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Take Your Organization from Engaged to Entangled
A business thrives when all employees feel responsible for its success.
Posted Nov 16, 2012
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It has been widely proven that employee engagement is directly linked to the profitability and sustainability of a business. Why is it, then, that—according to the Gallup organization (which has done extensive research on the subject)—only 11 percent of all employees worldwide are engaged in their work? Shouldn't engagement be a higher priority for business leaders?

Engagement means being committed to something or someone in an organization. This commitment can be rational (seeing one's job as serving a financial, developmental, or professional self-interest) or emotional (where one values, enjoys, or believes strongly in what one does). In either instance, however, even engagement is not always enough. There needs to be something more.

Our research revealed several companies where employees possess strong emotional attachments that have led to remarkable results and exceptional performance. Employees in these companies are more than engaged; they are entangled—with the drive for positive employee-company dedication and commitment running constantly at the deepest levels, resulting in a sustainable competitive advantage for each company.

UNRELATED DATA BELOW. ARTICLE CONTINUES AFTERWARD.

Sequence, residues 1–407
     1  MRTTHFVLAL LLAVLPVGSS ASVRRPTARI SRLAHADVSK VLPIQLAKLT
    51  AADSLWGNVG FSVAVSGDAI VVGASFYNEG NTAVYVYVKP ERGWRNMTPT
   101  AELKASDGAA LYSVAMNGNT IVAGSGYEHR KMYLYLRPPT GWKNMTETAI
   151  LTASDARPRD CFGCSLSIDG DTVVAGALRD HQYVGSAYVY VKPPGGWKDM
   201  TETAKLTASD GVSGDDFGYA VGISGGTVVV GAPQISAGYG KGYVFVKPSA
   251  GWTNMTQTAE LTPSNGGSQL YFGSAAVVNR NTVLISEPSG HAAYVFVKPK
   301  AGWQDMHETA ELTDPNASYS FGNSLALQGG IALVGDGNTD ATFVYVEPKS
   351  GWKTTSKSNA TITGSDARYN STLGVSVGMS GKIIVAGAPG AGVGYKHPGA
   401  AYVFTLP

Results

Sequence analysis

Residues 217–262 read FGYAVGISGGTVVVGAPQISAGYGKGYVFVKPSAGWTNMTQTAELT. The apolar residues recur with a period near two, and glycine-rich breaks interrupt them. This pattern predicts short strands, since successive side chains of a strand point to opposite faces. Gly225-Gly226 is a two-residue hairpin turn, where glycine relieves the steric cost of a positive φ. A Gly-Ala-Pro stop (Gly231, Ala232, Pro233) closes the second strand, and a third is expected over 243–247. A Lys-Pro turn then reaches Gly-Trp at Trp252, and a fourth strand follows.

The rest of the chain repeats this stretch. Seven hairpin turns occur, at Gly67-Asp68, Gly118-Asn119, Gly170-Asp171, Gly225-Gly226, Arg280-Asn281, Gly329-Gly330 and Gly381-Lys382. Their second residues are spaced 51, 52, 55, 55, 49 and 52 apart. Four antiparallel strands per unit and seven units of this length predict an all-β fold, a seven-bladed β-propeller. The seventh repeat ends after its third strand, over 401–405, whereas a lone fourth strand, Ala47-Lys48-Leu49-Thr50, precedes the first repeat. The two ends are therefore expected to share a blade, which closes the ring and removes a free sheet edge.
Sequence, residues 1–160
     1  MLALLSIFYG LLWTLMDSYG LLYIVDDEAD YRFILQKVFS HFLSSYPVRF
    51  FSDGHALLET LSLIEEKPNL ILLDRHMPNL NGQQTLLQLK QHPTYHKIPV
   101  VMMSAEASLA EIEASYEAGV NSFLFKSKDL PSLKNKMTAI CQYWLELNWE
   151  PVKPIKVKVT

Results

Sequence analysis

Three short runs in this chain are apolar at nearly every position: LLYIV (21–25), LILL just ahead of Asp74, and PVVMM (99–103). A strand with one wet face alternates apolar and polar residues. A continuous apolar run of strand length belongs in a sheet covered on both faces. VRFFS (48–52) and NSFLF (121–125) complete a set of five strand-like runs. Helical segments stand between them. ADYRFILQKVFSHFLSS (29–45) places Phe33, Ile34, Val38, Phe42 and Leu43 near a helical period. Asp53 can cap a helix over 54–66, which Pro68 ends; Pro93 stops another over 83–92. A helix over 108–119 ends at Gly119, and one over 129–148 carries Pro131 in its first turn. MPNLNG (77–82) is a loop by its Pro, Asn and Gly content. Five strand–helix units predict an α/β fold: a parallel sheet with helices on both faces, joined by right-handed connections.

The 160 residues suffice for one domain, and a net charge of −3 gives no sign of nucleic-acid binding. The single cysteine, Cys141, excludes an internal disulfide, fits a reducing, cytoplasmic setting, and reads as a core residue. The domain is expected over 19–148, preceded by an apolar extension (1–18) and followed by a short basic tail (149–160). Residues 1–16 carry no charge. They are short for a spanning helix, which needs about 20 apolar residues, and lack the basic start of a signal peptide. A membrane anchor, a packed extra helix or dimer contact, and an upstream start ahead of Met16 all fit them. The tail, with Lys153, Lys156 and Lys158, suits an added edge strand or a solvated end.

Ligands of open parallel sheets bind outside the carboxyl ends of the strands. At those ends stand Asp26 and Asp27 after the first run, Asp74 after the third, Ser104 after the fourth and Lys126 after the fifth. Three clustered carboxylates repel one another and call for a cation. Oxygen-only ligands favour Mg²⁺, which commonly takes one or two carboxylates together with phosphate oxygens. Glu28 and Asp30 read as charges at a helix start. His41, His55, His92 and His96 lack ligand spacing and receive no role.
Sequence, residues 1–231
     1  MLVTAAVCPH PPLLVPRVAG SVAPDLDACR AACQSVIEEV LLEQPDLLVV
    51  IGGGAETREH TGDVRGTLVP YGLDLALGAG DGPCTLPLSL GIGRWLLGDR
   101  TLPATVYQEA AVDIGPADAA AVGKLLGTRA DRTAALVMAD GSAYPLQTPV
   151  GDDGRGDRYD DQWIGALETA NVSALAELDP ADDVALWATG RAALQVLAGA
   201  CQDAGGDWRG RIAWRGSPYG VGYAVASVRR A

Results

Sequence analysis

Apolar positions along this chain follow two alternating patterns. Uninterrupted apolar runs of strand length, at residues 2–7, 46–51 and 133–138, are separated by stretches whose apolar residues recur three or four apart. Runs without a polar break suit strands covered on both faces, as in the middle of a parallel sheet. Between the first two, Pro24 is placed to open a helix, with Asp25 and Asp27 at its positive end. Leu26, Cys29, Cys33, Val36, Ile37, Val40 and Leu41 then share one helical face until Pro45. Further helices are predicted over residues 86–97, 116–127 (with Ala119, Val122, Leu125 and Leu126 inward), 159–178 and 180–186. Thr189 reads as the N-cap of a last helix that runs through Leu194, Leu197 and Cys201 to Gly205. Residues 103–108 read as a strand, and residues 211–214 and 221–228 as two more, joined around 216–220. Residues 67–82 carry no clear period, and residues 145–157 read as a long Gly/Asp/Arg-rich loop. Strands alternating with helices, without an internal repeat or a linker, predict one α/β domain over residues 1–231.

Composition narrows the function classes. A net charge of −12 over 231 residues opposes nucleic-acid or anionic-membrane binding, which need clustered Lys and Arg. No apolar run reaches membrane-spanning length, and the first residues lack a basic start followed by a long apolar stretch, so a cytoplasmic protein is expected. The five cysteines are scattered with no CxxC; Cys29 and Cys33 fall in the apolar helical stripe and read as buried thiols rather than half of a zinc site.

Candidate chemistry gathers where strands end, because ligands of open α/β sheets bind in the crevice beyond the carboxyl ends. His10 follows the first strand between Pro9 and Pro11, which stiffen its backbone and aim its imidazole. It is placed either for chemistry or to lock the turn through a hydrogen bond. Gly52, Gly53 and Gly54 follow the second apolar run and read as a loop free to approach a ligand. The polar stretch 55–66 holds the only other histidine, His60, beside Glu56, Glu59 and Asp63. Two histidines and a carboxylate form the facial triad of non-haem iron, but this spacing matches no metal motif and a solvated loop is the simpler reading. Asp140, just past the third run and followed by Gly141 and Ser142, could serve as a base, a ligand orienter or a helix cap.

Although entangled may sound negative, entanglement in this case is an extremely strong positive force that draws people together. A key difference between engaged and entangled employees is the tension that arises from the knowledge that things can always be better. Entangled employees are never satisfied with simply being good. They want to be great, and that mentality is what affects the profitability and sustainability of their respective businesses.

Entangled employees are like Olympians who must interlace all aspects of their lives—diet, sleep, exercise, and training—into a finely honed discipline directed toward achieving one's personal best "gold" performance. Entangled employees' quests for better personal and organizational performances lead to a higher plane, one where they see themselves as part of a larger organization and as team members who must rely on others rather than on individual achievement alone.

Entangled employees focus on making collaborative decisions that yield the best possible results for the organization. They devote their discretionary thinking to tough organizational issues and challenges rather than self-interests. Entangled employees see the world from a much broader perspective, approaching their work with a greater understanding of how performance on each job contributes to individual, team, and organizational success. They can be found at any level of a business.

Eight Essential Elements

Entangled employees operate within unique cultures, in which the following eight elements exist. The synergy and magnetism that arise as each element is strengthened become the distinctive competence that competitors cannot imitate, leading to a unique competitive advantage.